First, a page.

Development Activities – In the development context, for example, if an IC (1) is designed or its prototypes assembled and tested, or its integration or layout designed or analyzed, or pilot production schemes are arranged by HiSilicon or other listed Huawei affiliates; (2) is the immediate and direct product of U.S.-origin 3E001 technology or of other U.S.-origin software or technology classified in the specified ECCNs; and (3) it is destined for another listed entity, then that IC would be subject to the EAR and restricted from transfer. This restriction could apply when the IC is actually put into production by non-Huawei entities or fabs based on the development by listed entities using the listed U.S.-origin software or technology.
Commercial-off-the-shelf items developed without any requirements or influence or development by any listed Huawei entity, even if derived in part from the specified U.S.-origin technology or software, appear to be outside the scope of this new rule. Companies that have developed or are developing products outside the U.S. based on their own design or specifications are encouraged to ensure that the development history of that product is fully documented to prevent downstream restrictions.
Secretary Ross’s concern about indigenization of IC and related technology development by listed entities notwithstanding, the new rule could potentially have the effect of spurring a renaissance of independent, non-listed entity development and production of items that will not be subject to the EAR under this rule. Moreover, the new rule necessitates an increasing focus on what exactly it means to be the immediate product produced directly by the use of certain technology or software. The words “immediate” and “direct” must at least mean that tangential use of a particular software or technical information in the course of making or, say, testing an item, would not make that item the “direct product” of the technology or software.
Foreign-made items that are direct products of a plant or major component of a plant
The new control also captures any item produced outside the U.S. by any plant or major component of a plant if the plant or major component of the plant is a direct product of the specified U.S.-origin technology or software and the foreign-made item is the direct product of software or technology produced or developed by a listed entity. A “major component” of a plant means that the equipment is essential to the production of an item to meet the specification of any design produced or developed by designated entities, including testing equipment.
Thus, the new rule appears to control foreign-made items manufactured on U.S.-origin equipment – or foreign-produced equipment that itself is a direct product of the specified U.S.-origin technology or software – even if the design of the foreign-made end item is not U.S.-origin. As an example: a foundry manufactures an IC based on a Huawei specification (no U.S.-origin technology); that IC is now subject to the EAR if it is manufactured on certain U.S.-origin equipment or on foreign-made equipment that is the direct product of certain U.S.-origin technology or software.
Suppliers in this industry now need to consider the pedigree of major plant components (i.e., equipment) used during the manufacturing, testing, and qualification process and whether they are the direct product of the specified U.S. software or technology. It may prove to be very difficult to ascertain the classification and origin of the technology or software used to develop and manufacture, for example, plasma etching machinery, especially if that equipment was originally sourced from outside the U.S. While there might not be a prohibition on exporting or transferring such equipment itself (if destined to a non-Huawei entity), there is now a prohibition on exporting, reexporting, or transferring items made on such equipment, if those items are themselves the direct product of software or technology produced or developed by a listed entity and destined to Huawei.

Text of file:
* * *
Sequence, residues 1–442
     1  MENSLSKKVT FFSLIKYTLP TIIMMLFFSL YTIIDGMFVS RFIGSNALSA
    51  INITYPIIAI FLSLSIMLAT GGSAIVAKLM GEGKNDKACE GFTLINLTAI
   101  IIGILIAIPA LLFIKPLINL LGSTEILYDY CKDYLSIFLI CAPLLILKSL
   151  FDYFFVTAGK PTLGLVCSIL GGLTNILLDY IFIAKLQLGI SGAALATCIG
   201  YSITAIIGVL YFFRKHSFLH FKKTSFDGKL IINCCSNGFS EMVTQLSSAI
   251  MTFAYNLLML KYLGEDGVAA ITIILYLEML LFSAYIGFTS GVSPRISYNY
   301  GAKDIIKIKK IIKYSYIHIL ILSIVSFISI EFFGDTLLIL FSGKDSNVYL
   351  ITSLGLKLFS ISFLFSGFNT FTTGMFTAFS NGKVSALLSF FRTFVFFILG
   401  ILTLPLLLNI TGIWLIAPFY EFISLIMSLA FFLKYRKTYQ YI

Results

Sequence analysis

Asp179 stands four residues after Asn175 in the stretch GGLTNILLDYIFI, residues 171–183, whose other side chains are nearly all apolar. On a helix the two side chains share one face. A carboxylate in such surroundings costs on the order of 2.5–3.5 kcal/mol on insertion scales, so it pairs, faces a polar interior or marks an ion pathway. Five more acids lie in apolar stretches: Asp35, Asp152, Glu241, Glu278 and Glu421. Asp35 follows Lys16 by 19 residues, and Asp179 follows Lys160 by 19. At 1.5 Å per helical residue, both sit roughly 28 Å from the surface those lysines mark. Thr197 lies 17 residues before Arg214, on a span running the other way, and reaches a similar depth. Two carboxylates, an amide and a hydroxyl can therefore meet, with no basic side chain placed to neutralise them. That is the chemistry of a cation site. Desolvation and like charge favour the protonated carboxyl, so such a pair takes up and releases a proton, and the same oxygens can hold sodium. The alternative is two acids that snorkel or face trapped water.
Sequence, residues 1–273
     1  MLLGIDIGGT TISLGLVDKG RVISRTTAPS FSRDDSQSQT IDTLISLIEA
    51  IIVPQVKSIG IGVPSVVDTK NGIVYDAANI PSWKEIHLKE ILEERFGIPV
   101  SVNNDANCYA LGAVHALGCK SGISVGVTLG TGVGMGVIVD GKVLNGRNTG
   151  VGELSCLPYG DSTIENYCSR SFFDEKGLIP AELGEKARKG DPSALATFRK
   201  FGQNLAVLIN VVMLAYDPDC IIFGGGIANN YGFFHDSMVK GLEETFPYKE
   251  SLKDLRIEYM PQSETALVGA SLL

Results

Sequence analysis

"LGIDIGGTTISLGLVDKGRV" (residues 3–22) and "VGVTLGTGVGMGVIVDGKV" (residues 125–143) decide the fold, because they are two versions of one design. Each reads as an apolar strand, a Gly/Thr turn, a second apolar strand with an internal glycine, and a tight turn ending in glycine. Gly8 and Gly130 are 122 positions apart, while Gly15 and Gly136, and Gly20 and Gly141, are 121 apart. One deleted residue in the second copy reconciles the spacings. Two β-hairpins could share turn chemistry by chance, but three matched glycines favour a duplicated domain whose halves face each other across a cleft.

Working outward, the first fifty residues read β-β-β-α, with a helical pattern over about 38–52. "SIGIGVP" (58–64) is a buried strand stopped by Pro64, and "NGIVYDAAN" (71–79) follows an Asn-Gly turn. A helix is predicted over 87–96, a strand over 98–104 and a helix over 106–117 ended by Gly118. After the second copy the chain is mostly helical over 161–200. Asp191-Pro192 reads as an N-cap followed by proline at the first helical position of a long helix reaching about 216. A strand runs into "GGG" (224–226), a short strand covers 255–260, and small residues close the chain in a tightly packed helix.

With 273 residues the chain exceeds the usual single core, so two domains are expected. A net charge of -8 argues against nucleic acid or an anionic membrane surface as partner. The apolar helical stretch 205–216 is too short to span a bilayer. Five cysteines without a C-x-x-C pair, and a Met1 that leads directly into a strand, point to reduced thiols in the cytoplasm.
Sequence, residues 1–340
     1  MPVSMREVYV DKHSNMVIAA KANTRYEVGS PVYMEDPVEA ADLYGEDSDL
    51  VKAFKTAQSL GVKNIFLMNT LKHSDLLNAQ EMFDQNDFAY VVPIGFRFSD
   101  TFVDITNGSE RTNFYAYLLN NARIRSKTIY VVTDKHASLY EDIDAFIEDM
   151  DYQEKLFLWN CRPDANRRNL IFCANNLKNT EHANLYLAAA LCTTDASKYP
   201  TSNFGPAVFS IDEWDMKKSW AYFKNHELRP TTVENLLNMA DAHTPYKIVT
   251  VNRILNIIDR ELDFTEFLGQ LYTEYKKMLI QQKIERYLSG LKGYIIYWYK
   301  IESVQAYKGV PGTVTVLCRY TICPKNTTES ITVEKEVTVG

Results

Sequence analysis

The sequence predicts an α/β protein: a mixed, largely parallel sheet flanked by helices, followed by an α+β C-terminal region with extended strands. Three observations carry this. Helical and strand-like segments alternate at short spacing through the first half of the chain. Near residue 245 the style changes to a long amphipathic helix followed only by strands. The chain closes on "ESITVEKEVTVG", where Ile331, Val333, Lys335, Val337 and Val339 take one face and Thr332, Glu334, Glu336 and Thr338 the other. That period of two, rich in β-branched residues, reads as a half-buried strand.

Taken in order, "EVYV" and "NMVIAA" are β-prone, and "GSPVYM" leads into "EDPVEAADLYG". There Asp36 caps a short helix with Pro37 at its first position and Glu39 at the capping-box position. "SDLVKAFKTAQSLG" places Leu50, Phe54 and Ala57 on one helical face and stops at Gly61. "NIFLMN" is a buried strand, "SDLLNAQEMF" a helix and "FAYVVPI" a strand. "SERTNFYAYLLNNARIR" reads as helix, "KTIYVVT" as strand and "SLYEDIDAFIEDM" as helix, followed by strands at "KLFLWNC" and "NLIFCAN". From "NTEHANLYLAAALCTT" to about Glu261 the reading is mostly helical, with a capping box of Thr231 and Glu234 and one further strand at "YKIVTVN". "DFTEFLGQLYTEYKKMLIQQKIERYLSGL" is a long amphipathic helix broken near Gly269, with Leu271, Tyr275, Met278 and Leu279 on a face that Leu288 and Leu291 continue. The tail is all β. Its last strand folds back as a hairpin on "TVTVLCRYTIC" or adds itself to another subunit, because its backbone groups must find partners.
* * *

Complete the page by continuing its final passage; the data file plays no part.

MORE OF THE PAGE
Again, the rule only targets deliveries to listed Huawei entities, and only of items that are the direct product of software or technology produced or developed by those entities. In other words, the use of the U.S.-origin machine or major plant component alone is not enough to trigger this additional restriction. This should be a relief to major equipment manufacturers and foundries outside the U.S., though the rule targets the prevalence of foundries and other manufacturers in the IC supply chain using customer designs and software tools to make finished products, and the practical impact will need to be assessed.
What Should Industry Do Next?
Foundries and other manufacturers of semiconductors need to take immediate action to review these new export control rules if they supply Huawei, its non-U.S. affiliates, or its subcontractors. Foundries that have not conducted an export classification review of items produced because the chip design was not based on U.S.-origin technology should consider evaluating production machinery and equipment used to manufacture or test those items and confirm if the equipment is the direct product of specified U.S.-origin technology or software.
In particular, co-development and co-production with Huawei listed entities, the deployment of Huawei designs, and the use of software, technology, and other tools from Huawei to produce items may make such items subject to the EAR depending on the use and application of U.S.-origin technology, software, and equipment. The reach of this rule is already being felt by Taiwan Semiconductor Manufacturing Co Ltd., one of the world’s largest chipmakers, which recently announced that all new orders from Huawei have been stopped.
Items produced with U.S.-origin technology or software will be subject to EAR licensing requirements if shipped after May 15, 2020. Shipments of foreign-produced items that are direct products of plants or major components of plants as identified above and were in “production” before May 15, 2020 may proceed as not being subject to the EAR provided they are exported, reexported, or transferred (in-country) before September 14, 2020.